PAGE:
Travel ban updated, health care bill introduced



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President Trump walks back to the Oval Office as he returns to the White House on March 2 in Washington, D.C. Trump recently signed an updated executive order on immigration and international travel to the U.S. Tribune News Service / Abaca Press Buy Photos

Executive order on travel updated

President Trump signed an executive order Monday to ban international travel to the United States from six predominantly Muslim countries for 90 days.

This order is a revised version of an order Trump signed Jan. 27 that banned travel from seven countries. Iraq has been removed from the list in the revised order.

Other changes to the revised order include the exemption of permanent residents and current visa holders from the travel ban and the removal of phrasing that prioritized the entry into the U.S. of religious 
minorities.

The new order also changes the indefinite ban on refugees from Syria into a 120-day ban that must be reviewed and renewed to continue for any longer.

The text of the order was revised after the original was blocked by a federal appeals court.

The order retains its central 
component.

The number of refugees permitted to enter the United States each year will be cut from about 110,000 to about 50,000.

It also continues to call for the data collection and publication of crimes committed by immigrants.

It will be implemented gradually in the next two weeks rather than being put into action on the day of issue as was attempted with the original order.

Trump administration rescinds transgender bathroom protections

Last Wednesday, Trump removed protections that allowed transgender students to use the bathroom of their choice in schools.

The Obama administration had put these protections in place in a directive based on nondiscrimination laws.

The current justice department and education department said in a joint letter on Feb. 22 that the previous protections were created without “due regard for the primary role of the states and local school districts in establishing educational policy.”

The reversal of federal position on this issue prompted the Supreme Court to refuse to decide a case on whether a transgender boy in Virginia can use the boys’ bathroom at his school.

The Supreme Court had originally agreed in October to hear the case. Arguments were scheduled to be heard by justices this month.

The case has been sent back down to the lower courts, which means there will be no Supreme Court decision on transgender rights in the near future.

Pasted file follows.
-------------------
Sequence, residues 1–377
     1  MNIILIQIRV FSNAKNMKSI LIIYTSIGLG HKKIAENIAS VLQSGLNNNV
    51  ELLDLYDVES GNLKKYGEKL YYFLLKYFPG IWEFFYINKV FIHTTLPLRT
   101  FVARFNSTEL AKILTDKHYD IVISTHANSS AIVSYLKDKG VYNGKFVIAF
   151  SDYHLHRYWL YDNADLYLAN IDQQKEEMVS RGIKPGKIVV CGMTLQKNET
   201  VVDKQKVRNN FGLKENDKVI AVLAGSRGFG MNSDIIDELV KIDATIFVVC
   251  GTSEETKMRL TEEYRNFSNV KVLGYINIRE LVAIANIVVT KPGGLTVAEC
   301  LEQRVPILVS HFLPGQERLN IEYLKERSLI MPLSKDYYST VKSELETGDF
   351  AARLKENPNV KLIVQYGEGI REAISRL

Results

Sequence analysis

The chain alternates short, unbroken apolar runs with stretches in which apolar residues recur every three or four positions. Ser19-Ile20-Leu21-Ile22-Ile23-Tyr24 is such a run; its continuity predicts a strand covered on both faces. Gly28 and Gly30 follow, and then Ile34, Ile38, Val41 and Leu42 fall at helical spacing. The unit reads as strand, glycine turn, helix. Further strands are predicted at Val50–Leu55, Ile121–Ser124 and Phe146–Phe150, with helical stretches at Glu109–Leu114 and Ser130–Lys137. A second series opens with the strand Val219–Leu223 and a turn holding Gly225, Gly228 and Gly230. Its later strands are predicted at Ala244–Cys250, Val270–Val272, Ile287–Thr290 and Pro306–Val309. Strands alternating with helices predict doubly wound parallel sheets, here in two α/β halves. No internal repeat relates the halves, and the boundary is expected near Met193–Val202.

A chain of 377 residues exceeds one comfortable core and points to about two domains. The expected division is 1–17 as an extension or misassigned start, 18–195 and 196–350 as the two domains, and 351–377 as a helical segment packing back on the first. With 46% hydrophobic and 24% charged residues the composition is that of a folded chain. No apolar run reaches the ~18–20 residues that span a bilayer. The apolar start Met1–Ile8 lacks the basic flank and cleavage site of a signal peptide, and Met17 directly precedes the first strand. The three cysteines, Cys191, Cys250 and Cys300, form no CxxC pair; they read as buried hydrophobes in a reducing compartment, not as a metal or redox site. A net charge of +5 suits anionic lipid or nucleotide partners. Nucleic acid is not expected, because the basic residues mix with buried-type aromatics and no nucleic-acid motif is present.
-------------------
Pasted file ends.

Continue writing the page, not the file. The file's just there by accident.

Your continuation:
“Obamacare” replacement introduced

Republicans in the House of Representatives presented their plan to replace former President Barack Obama’s health care law Monday.

The new plan would remove the current healthcare bill’s requirement that most Americans have health insurance and eliminate the tax penalties currently in place for those without insurance.

It would also scale back funding for widespread 
Medicaid expansions and no longer require larger employers to offer insurance for full-time employees.

The tax credit system for health insurance would be revised. Tax credits for health insurance are currently based on income. Under the new plan, they would be distributed based on age.

The new plan would allow individuals to put more money into tax-free health savings accounts.

Several parts of 
“Obamacare” would not be changed under its replacement. Children will still be able to stay on their parents’ health insurance policies until the age of 26. Insurers must still fully cover individuals regardless of pre-existing conditions and offer 10 health benefits to everyone they insure.

House Republicans offered no estimate of how much it would cost to repeal and replace the current health care law or of how many people would lose or gain health insurance. House committees plan to vote on the bill without such estimates from the Congressional Budget Office.

Several senators, including Sens. Rob Portman, R-Ohio, and Rand Paul, R-Kentucky, and representatives such as Rep. Justin Amash, R-Michigan, have voiced concerns that the current version of the new bill would not adequately cover most Americans.

The replacement plan would be fully implemented by 2020.

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